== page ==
When former Purdue University student Matt Wilmsen decided to try a new loan financing program that would help him avoid traditional student debt, he didn’t expect to find himself constantly struggling to service his loan on his $29,000 in student debt.
From dealing with misunderstandings between his college and the loan servicer that ended up adding thousands of dollars in missed payments and skyrocketing his monthly bill, to failing to hand over his account to a new loan servicer, Wilmsen said he was at wits’ wits ends up trying to act to keep his loans in check.
“It was extremely difficult to be able to pay rent and buy groceries before I paid my monthly installments,” Wilmsen said. “I called [the loan servicer] several times and told them that and they were very unsympathetic…this whole situation was caused because Purdue made a mistake.
““I don’t want other people to have to go through some of the things that I went through.””
Income Sharing Agreements, known as ISAs, are an alternative type of student loan financing in which a borrower receives a loan and then pays a percentage of their income upon graduation. The terms of an ISA depend on various factors such as: B. their significant and projected future earnings.
ISAs are viewed by the government as a type of private student loan. Recently, the Consumer Financial Protection Bureau, a consumer protection agency, said that the ISA industry could not claim exemptions from the rules for student lenders.
The University of West Lafayette, Indiana Back a Boiler programwhich launched in 2016, offers ISAs for students seeking alternatives to traditional government and private student loans.
Earlier this month, the university announced that was the case the program suspended. “If it actually closes, I would feel good,” Wilmsen said, “because I don’t want other people to have to go through some of the things that I went through.”
Wilmsen’s story about his ISAs next door the experiences of othersoffers a cautionary tale for students seeking an alternative to taking out piles of credit for their education amid a national conversation about the student debt crisis.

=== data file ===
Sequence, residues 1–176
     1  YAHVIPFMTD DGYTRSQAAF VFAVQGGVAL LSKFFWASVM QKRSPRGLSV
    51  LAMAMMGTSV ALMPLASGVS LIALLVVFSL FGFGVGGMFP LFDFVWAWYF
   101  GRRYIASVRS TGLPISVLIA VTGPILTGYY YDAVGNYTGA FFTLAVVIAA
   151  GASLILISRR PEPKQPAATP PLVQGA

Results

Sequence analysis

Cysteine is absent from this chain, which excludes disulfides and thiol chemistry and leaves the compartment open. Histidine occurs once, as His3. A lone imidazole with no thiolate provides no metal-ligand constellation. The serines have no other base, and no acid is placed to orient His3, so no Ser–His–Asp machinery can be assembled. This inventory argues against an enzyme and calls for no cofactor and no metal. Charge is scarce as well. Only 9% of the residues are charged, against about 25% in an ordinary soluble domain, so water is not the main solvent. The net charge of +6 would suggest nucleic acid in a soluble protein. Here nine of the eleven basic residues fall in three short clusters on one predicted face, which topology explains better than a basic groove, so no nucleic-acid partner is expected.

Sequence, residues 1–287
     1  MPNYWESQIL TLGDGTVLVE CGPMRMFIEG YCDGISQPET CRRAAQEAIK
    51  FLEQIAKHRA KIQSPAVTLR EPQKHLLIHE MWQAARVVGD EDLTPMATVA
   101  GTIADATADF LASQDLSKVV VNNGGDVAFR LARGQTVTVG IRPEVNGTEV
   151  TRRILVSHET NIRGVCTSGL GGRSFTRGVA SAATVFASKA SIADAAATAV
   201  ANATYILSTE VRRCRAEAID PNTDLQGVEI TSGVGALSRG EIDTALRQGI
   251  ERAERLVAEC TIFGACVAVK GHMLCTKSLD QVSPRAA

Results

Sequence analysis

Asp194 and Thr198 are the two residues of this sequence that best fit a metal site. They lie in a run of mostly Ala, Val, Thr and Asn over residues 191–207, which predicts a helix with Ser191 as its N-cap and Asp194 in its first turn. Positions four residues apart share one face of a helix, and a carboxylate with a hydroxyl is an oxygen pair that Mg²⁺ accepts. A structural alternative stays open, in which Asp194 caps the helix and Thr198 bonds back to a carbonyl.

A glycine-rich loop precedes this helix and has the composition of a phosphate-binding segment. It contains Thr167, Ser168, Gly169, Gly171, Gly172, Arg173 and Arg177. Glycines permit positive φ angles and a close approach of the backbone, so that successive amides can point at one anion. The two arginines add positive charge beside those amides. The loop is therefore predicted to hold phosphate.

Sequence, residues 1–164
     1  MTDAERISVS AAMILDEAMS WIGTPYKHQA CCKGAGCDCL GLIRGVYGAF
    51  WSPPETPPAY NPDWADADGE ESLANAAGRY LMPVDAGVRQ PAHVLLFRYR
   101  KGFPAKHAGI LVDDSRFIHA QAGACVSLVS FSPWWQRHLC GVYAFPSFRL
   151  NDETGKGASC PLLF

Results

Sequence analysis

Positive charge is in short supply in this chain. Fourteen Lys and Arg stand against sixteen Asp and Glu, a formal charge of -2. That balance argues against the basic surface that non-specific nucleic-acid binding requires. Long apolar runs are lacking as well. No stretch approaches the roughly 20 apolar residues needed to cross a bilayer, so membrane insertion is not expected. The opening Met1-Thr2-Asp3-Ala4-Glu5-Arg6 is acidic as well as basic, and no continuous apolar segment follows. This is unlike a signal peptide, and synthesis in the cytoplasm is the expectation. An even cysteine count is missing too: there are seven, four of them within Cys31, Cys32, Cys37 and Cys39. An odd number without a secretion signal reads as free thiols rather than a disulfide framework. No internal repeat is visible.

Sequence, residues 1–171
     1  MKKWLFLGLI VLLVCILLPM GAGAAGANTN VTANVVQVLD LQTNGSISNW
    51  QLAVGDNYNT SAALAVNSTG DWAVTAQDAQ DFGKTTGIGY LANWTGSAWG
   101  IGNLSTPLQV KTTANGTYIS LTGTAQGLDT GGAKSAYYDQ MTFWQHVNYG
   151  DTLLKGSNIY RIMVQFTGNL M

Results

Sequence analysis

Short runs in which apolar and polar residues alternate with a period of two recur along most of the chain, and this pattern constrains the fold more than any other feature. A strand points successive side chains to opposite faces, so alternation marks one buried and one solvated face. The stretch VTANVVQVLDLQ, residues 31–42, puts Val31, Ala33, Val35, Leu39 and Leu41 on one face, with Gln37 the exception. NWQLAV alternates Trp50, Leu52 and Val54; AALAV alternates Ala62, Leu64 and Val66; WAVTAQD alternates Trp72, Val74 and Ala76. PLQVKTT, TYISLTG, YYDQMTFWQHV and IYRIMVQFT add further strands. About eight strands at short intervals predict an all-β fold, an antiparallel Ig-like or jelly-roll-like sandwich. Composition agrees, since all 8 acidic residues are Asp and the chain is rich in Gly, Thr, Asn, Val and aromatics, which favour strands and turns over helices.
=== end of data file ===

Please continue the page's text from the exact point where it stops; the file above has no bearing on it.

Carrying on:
Pitfalls of Getting a Non-Federal Student Loan
Wilmsen always wanted to be an engineer.
Growing up in La Porte, Indiana surrounded by family and friends who attended Purdue, he made it his mission to attend the best engineering school in the area.
Wilmsen was determined to be an electrical engineer and, according to records viewed by MarketWatch, received a $15,000 ISA for the 2018-2019 academic year and a $14,000 ISA for the 2019-2020 academic year. In addition to the ISAs, he currently owes $12,000 in government student loans.
His total monthly payment for the two ISAs is almost $600. Payments for federal student loans have been suspended since March 2020. Unlike federal loans, payments on private loans like ISAs cannot be suspended by the government.
And unlike the ISAs, if President Joe Biden cancels $10,000 in student loan debt, his $29,000 ISAs will remain in place, while Wilmsen would only have a very manageable $2,000 debt obligation.
Purdue’s ISA program in transition because of the lender’s exit
The Back and Boiler program is no longer available for new applicants in the 2022-2023 auxiliary year, according to the school’s website. The school also listed a new loan servicer, Launch Servicing.